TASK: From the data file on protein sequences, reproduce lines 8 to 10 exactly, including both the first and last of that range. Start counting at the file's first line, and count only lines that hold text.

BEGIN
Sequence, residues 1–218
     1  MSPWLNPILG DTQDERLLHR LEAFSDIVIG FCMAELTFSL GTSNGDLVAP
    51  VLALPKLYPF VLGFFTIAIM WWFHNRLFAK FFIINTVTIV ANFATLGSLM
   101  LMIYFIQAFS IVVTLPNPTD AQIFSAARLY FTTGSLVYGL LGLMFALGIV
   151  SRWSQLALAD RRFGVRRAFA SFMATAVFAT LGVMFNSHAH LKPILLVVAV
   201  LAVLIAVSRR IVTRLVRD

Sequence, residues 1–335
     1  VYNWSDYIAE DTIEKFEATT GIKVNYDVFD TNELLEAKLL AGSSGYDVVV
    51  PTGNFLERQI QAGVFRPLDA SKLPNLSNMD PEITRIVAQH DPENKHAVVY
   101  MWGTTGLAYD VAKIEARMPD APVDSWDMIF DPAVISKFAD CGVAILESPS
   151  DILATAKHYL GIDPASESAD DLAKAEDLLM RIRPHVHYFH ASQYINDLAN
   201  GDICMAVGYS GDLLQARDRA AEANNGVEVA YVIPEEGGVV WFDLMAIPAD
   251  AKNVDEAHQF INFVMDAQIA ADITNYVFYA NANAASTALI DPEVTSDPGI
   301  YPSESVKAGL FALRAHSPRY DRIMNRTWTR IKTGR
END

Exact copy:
     1  VYNWSDYIAE DTIEKFEATT GIKVNYDVFD TNELLEAKLL AGSSGYDVVV
    51  PTGNFLERQI QAGVFRPLDA SKLPNLSNMD PEITRIVAQH DPENKHAVVY
   101  MWGTTGLAYD VAKIEARMPD APVDSWDMIF DPAVISKFAD CGVAILESPS